Physiological Changes during pregnancy

Pregnancy comes with many physiological and anatomical, biochemical, systemic or local changes in the body in order to meet the needs of the developing fetus in the uterus.  These changes tend to maintain a healthy environment for the fetus without compromising the mother’s health. They also help to prepare for the process of delivery and care of the newborn.

These changes are caused by hormones involved in pregnancy. However,  most of the systemic changes return to  pregravid state 6 weeks after delivery.

I will discuss these changes system by system for detailed information and easier understanding as proper understanding helps to distinguish normal changes from

coincidental disease processes:

Reproductive system:

Uterus: 

Prior to pregnancy, uterus is a small, almost solid, pear shaped organ about 7.5x5x2.5cm and weighing about 60 g, volume 10ml. At the end of pregnancy, it measures about 28x24x21cm and weighs approximately 1100g at term. 

During pregnancy, the uterus is divided into two functional portions either above or below the isthmus and are called  upper and lower uterine segments respectively.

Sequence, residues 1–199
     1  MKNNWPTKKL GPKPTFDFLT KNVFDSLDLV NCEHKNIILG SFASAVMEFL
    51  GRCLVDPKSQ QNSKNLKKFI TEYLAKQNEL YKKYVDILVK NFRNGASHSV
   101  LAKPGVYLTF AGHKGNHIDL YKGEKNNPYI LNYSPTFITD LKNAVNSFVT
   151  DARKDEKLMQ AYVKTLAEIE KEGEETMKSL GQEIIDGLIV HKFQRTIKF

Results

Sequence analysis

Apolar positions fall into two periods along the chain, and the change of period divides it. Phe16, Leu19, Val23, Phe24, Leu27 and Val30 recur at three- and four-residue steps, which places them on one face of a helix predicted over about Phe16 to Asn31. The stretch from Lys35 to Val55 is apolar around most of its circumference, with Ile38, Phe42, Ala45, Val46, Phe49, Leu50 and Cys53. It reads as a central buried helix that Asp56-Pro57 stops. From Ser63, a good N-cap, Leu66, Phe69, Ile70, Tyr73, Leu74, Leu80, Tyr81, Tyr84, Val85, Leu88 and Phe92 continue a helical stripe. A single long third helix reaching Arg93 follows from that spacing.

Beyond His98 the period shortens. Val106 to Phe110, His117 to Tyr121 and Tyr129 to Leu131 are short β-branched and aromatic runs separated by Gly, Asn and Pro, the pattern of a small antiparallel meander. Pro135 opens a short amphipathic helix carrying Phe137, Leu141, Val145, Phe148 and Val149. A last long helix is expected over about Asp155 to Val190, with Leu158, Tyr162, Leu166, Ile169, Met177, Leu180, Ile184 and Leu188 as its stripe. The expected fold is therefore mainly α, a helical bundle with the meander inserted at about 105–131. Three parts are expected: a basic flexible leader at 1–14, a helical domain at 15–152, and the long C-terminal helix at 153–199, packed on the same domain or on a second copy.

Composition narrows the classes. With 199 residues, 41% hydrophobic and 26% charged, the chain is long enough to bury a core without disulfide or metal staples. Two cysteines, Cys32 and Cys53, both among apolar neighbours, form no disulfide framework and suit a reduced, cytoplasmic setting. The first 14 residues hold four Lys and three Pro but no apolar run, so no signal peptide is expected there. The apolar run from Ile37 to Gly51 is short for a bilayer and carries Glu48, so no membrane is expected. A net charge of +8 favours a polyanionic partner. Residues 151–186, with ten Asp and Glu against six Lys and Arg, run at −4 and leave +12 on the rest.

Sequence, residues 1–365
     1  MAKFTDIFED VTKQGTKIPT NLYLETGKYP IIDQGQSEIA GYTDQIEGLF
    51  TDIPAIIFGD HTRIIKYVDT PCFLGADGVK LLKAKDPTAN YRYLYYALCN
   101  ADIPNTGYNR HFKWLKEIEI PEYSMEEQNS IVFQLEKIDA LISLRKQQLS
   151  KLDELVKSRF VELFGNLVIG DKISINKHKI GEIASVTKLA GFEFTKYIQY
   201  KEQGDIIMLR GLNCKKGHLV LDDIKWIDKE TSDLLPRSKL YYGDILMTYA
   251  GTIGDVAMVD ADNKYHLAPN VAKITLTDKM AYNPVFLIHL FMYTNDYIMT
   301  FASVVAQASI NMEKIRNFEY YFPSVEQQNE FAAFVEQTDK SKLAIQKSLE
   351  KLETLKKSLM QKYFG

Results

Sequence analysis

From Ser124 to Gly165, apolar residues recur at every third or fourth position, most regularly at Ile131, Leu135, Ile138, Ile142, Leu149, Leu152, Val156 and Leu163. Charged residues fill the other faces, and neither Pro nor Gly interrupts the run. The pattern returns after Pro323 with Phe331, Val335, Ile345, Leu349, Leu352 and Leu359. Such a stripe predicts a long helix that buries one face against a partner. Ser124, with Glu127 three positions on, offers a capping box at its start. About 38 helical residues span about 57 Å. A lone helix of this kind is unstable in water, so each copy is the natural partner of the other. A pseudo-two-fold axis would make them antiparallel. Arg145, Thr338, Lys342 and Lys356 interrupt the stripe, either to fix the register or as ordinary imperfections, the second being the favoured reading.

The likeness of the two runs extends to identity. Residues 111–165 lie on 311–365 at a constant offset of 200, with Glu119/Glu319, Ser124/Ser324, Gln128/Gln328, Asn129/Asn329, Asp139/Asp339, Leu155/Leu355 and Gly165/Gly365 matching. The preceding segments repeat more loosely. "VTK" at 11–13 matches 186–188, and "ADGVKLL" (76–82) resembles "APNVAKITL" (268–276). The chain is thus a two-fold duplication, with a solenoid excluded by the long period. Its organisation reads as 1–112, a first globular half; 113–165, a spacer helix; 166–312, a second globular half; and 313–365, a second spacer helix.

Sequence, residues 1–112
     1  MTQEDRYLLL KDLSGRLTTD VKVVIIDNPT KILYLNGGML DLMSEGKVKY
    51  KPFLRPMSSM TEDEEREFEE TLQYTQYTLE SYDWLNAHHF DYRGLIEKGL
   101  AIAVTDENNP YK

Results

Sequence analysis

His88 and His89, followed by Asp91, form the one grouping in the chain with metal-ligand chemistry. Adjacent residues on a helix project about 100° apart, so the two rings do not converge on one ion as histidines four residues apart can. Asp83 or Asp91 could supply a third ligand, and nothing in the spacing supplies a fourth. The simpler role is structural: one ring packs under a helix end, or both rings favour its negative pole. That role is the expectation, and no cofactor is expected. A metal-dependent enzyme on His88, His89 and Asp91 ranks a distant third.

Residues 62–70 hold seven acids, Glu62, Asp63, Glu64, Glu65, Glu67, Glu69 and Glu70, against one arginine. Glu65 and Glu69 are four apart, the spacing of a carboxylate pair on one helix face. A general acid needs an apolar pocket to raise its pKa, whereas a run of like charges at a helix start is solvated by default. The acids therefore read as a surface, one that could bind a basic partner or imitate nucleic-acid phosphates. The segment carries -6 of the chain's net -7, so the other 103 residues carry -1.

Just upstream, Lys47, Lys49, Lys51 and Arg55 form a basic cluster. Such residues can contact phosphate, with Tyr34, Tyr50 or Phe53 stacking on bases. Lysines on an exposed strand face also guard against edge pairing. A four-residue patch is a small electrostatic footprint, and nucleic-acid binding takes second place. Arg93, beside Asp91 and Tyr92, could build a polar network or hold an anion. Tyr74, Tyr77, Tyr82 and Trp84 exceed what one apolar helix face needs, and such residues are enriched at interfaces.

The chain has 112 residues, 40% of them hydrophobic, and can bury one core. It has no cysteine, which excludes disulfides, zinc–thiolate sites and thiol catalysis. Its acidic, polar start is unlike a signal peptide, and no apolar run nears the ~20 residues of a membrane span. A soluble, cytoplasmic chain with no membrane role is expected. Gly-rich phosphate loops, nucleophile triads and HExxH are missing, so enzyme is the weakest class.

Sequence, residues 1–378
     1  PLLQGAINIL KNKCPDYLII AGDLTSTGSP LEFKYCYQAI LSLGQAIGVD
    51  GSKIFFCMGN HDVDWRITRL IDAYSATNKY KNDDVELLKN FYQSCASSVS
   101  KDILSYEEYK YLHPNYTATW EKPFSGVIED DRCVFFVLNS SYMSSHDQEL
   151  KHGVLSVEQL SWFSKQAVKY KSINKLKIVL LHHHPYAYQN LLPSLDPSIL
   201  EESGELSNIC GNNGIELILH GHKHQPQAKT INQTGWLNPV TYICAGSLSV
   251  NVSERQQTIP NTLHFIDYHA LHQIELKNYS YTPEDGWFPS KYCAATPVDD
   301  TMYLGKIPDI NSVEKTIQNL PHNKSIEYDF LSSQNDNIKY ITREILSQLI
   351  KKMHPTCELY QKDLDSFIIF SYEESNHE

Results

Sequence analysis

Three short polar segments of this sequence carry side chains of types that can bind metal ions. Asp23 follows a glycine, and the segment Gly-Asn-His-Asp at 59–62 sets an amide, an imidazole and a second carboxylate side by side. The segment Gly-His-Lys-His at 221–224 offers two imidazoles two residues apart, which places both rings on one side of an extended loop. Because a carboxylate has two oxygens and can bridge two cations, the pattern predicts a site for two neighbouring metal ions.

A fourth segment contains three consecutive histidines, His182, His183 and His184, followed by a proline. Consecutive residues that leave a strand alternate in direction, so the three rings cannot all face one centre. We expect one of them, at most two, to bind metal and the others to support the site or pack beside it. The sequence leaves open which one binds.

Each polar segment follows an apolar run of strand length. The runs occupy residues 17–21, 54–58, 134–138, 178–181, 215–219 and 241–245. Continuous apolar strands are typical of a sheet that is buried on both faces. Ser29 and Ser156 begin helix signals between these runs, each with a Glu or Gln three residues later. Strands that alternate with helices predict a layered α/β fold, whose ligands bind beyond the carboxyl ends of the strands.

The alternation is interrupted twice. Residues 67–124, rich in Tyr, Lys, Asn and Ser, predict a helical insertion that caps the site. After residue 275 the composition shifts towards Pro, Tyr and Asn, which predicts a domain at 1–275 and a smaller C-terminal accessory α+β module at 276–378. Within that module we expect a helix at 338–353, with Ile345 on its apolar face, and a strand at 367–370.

Its capacity increases from about 10ml to 5,000ml (5litres) or more at term. 

These are due to enlargement (hypertrophy) of the myometrial cells due to estrogen and distension by the growing fetus and build up of new cells via hyperplasia .

The upper part,fundus and body become the upper uterine segment.

 Fibrous tissue in the muscle increases markedly.

Oviducts (fallopian tubes) are lifted with the uterus as it grows. 

The enlarging uterus, placenta and growing fetus requires additional blood flow.

So by the end of pregnancy, one sixth of the total maternal blood volume is contained in the vascular system of the uterus. 

Braxton Hicks contractions also occur in the uterus intermittently Throughout pregnancy. They are irregular painless contractions that may be felt through the abdominal wall from about the fourth month. 

In later months, Braxton Hicks contractions become uncomfortable and may be confused with true labor contractions.

 Cervix:

Estrogen stimulates the glandular tissue which increases in cell number and becomes hyperactive.

Gravid cervix is soft and purple while the non-gravid cervix is firm and pink. 

The endocervical gland secretes thick, sticky mucus that forms the mucous plug, which seals the endocervical canal and prevents the ascent of the organism into the uterus. The mucuous plug   is expelled when cervical dilatation begins, known as “show”.

Lower part of the uterus,  cervix and isthmus  become the lower uterine segment.

The hyperactive glandular tissue also increases the normal physiological mucorrhea resulting in profuse discharge.

Increased cervical vascularity also causes both the softening of the cervix (Goodell’s sign) and its bluish discoloration (Chadwick’s sign).

Ovaries:

They stop producing oval during pregnancy, but the corpus luteum continues to produce hormones until about weeks 6-8 gestation.